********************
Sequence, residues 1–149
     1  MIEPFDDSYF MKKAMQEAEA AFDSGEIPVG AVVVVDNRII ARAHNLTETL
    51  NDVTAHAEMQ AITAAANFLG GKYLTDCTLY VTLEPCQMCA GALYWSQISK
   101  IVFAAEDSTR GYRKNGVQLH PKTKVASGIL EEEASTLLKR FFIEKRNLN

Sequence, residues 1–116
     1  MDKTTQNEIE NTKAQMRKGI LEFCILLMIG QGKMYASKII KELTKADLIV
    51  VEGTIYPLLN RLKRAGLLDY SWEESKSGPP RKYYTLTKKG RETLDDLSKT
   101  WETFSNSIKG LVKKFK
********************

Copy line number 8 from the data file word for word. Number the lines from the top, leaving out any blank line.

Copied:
   101  WETFSNSIKG LVKKFK